‘Silence’ helps the brain encode information
Neuroscientists at NeuRA and UNSW Sydney have shown that the brain may ignore input known as ‘chatter’ and instead use periods of silence to register information about its environment. The scientists have challenged the conventional wisdom that neural activity is the main driver of human perception.
Dr Ingvars Birznieks and Dr Richard Vickery have developed a novel method of controlling the neural information presented to the brain using brief mechanical taps delivered to the fingertips.
Each tap generated only one nerve impulse in each activated neuron. By varying the frequency of taps, they were able to control the pattern of nerve impulses generated in a subject’s brain. The researchers were able to test several ideas that describe how nerve impulses encode information about the environment.
The sense of touch relies on vibrations as the ridges on fingertips scan over surfaces. How these vibrations are decoded by the brain is not well understood. Previous theories have suggested that the number of nerve impulses is counted as an index of vibration frequency, or that somehow a periodic regularity in the impulse patterns are detected. However, this latest research conclusively ruled out these theories.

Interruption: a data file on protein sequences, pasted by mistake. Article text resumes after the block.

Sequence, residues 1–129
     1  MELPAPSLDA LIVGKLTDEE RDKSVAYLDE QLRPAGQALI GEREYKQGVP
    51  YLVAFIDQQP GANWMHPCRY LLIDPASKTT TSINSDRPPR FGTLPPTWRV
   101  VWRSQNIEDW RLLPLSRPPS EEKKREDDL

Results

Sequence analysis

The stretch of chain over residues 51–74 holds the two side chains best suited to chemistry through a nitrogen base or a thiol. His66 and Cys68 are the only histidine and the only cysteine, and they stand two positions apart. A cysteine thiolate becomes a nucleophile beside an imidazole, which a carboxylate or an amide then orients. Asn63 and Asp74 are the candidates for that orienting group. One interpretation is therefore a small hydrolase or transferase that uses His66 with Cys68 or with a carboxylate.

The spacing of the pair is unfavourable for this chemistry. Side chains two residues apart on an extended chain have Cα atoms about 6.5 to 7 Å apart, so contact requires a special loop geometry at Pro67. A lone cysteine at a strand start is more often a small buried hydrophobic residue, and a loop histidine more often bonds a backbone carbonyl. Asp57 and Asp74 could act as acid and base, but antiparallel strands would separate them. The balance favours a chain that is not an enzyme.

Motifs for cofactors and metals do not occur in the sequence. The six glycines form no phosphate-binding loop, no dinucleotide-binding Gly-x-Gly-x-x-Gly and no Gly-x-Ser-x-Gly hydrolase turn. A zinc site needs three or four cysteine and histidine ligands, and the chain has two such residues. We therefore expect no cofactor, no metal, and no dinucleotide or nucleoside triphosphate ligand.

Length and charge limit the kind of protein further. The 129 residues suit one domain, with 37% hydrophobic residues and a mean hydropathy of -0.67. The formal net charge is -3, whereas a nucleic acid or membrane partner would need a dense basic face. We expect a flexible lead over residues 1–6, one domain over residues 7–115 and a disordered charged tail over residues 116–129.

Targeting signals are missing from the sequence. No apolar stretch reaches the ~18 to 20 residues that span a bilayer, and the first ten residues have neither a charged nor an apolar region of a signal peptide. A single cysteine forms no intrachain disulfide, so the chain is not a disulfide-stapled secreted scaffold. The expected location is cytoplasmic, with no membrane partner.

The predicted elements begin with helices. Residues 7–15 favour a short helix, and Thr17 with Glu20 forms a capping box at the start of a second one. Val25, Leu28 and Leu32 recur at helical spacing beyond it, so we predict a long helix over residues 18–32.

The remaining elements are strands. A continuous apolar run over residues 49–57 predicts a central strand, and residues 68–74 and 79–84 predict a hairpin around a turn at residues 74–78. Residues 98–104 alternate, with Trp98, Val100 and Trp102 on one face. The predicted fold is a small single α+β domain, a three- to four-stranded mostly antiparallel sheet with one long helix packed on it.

Birznieks and Vickery generated bursts of nerve impulses to mimic successive skin ridge contact. Subjects rated the frequency independent of the number of impulses in the burst. The period between successive bursts did not correlate with the reported frequency.
“Instead, it was the silent period between bursts that best explained the subjects’ experiences,” said Dr Birznieks.
“We were hoping to disprove one of the two competing theories, but showing they were both incorrect and finding a completely new coding strategy totally surprised us.”
Dr Vickery says both researchers were excited but sceptical after the initial discovery and spent several years trying to disprove the findings before having full confidence to present their work to the scientific community.
These findings are interesting not just because that they represent a new way of understanding how the brain deciphers the barrage of neural impulses, but also because it offers a better understanding of these coding strategies that will ultimately help researchers build better brain-machine interfaces.
This next-generation of interfaces will provide a more sophisticated method of control for a range of devices and applications including telesurgery and prosthetics.
Find out more
- Link to full paper: https://doi.org/10.1016/j.cub.2017.04.011